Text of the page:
Marco Pagano

Marco Pagano
University of Naples Federico II | UNINA · Department of Economics and Statistics

B.A., Cambridge University; Ph.D., MIT

About

221
Publications
64,348
Reads
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22,483
Citations
Citations since 2017
42 Research Items
6566 Citations
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201720182019202020212022202302004006008001,0001,200
201720182019202020212022202302004006008001,0001,200

Publications

Publications (221)
Article
Full-text available
We distill evidence about the effects of COVID-19 on companies. Stock price reactions to the shock differed greatly across firms, depending on their resilience to social distancing, financial flexibility, and corporate culture. The same characteristics affected the response of firms’ sales, employment, and asset growth. Despite the shock, firms exp...
Article
Full-text available
An arbitrageur with short investment horizon gains from accelerating price discovery by advertising his private information. However, advertising many assets may overload investors’ attention, reducing the number of informed traders per asset and slowing price discovery. So the arbitrageur optimally concentrates advertising on just a few assets, un...
Article
Full-text available
We employ a representative sample of 80,972 Italian firms to forecast the drop in profits and the equity shortfall triggered by the COVID-19 lockdown. A 3-month lockdown generates an aggregate yearly drop in profits of about 10% of GDP, and 17% of sample firms, which employ 8.8% of the sample’s employees, become financially distressed. Distress is...
Article
Full-text available
An amendment to this paper has been published and can be accessed via a link at the top of the paper.
Article
Full-text available
We forecast the drop in profits and the equity shortfall triggered by the COVID-19 lockdown, using a representative sample of 80,972 Italian firms. A 3-month lockdown entails an aggregate yearly drop in profits of about 10% of GDP and results in financial distress for 17% of the sample firms, employing 8.8% of the sample employees. Distress is more...
Article
In China, between 2006 and 2013, local public debt crowded out the investment of private firms by tightening their funding constraints while leaving state‐owned firms' investment unaffected. We establish this result using a purpose‐built data set for Chinese local public debt. Private firms invest less in cities with more public debt, with the redu...
Article
Full-text available
Governments are deciding on measures to help economies recover from the impacts of the COVID-19 pandemic, but, as in previous crises, a narrow focus on fighting the recession could have adverse effects on the environment and health. We suggest that health and sustainability should be at the heart of the economic response.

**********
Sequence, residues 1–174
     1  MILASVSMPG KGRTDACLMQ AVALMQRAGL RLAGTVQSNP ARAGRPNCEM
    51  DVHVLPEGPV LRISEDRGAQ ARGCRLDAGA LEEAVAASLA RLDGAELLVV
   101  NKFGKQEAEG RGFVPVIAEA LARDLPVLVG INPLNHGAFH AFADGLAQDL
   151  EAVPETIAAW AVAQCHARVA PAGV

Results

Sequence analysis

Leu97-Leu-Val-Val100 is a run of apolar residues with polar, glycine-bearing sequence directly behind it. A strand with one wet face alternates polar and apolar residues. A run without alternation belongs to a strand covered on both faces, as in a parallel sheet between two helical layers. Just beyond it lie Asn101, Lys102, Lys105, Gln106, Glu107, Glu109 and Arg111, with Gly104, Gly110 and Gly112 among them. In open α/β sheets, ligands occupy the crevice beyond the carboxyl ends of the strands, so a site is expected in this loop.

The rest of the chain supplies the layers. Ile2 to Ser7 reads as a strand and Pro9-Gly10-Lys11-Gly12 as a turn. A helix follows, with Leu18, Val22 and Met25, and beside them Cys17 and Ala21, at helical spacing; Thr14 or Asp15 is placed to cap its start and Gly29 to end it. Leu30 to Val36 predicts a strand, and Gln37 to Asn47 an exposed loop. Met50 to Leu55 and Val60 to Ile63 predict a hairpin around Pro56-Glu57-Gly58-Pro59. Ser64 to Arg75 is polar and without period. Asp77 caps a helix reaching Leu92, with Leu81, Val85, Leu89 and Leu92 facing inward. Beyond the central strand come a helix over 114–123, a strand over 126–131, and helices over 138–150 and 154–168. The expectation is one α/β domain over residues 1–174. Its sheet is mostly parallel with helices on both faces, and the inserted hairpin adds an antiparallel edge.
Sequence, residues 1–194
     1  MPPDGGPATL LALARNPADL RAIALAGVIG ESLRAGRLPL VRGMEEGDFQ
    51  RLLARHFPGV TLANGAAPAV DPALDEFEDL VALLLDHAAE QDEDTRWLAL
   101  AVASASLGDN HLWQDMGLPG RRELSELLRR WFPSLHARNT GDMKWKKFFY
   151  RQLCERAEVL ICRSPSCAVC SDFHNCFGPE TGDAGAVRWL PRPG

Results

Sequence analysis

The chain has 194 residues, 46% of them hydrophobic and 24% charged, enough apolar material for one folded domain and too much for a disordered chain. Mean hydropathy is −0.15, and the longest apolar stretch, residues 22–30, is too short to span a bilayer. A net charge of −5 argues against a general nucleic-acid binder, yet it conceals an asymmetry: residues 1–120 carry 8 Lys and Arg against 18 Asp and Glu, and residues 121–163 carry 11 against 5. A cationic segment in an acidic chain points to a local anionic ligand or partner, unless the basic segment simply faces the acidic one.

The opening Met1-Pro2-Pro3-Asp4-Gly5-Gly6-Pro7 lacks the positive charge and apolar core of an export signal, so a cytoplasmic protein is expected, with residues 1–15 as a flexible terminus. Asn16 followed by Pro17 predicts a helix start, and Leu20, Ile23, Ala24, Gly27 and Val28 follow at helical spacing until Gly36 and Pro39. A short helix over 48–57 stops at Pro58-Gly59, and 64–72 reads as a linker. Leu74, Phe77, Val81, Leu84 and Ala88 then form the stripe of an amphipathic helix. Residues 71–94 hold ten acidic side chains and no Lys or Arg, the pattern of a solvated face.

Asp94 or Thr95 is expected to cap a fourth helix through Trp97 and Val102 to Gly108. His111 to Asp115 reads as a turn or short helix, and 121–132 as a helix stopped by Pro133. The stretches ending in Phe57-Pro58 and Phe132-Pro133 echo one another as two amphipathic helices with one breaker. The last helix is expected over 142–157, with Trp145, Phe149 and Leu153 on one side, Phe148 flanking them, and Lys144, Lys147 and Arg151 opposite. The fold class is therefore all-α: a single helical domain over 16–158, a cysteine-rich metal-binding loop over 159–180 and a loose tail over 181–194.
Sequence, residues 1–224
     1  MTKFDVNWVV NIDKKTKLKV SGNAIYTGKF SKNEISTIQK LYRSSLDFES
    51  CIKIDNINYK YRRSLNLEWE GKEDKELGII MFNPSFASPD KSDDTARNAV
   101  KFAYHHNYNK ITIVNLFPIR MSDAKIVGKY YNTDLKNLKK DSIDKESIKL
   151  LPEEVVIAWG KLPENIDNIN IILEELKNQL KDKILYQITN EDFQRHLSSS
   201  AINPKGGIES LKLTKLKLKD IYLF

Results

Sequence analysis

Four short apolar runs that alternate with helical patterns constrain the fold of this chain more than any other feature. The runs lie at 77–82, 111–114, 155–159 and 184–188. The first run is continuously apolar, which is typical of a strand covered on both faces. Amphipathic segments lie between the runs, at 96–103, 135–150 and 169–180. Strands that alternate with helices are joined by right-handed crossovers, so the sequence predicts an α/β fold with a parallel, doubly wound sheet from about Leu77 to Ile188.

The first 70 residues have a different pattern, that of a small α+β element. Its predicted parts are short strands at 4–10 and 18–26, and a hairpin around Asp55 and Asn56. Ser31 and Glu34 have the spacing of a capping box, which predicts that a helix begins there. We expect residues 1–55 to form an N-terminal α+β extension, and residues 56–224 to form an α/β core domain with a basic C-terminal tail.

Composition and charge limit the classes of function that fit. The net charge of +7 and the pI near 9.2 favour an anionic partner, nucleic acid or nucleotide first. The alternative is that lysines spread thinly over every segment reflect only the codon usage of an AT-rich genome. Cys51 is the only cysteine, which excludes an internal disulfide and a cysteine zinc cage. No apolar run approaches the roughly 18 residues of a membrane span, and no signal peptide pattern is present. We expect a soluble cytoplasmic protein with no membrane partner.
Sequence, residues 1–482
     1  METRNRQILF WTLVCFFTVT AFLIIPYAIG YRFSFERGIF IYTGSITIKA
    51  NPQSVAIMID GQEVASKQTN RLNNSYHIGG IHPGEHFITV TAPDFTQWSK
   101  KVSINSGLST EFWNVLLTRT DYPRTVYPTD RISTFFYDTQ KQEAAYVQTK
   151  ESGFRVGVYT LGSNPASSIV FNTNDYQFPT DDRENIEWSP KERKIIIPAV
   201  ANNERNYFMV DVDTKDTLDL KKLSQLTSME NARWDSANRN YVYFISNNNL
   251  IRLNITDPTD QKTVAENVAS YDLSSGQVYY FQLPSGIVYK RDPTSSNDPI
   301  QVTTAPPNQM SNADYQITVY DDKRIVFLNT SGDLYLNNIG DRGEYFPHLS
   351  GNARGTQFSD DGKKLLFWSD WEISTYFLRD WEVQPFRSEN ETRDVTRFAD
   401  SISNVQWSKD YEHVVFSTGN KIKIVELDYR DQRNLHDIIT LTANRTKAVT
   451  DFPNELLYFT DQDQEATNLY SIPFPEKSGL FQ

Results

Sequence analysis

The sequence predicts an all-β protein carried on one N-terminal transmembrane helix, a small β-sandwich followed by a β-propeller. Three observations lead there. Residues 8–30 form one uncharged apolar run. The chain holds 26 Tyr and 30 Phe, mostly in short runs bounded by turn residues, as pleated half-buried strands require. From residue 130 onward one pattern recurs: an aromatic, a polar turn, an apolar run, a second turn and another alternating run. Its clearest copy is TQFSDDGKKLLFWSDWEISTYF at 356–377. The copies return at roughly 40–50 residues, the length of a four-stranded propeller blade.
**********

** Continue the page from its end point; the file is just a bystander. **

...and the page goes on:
Preprint
Full-text available
This paper investigates whether security markets price the effect of social distancing on firms' operations. We document that firms that are more resilient to social distancing significantly outperformed those with lower resilience during the COVID-19 outbreak, even after controlling for the standard risk factors. Similar cross-sectional return dif...
Article
We establish that the labor market helps discipline asset managers via the impact of fund liquidations on their careers. Using hand-collected data on 1,948 professionals, we find that top managers working for funds liquidated after persistently poor relative performance suffer demotion coupled with a significant loss in imputed compensation. Scarri...
Article
Full-text available
We forecast the drop in profits and the equity shortfall triggered by the COVID-19 lockdown, using a representative sample of 80,972 Italian firms. A 3-month lockdown entails an aggregate yearly drop in profits of about 10% of GDP and results in financial distress for 17% of the sample firms, employing 8.8% of the sample employees. Distress is more...
Article
Corporate leverage responds differently to employees’ rights in bankruptcy depending on whether it is driven by strategic concerns in wage bargaining or by credit constraints. Using novel data on employees’ rights in bankruptcy, we estimate their impact on leverage, exploiting time-series, cross-country, and firm-level variation in the data. For fi...
Article
Using a firm-level international panel data set, we study if unemployment insurance offered by the government and by firms are substitutes. We exploit cross-country and time-series variation in public unemployment insurance as a shifter of workers’ demand for insurance within firms, and family versus nonfamily ownership as a shifter of firms’ suppl...
Chapter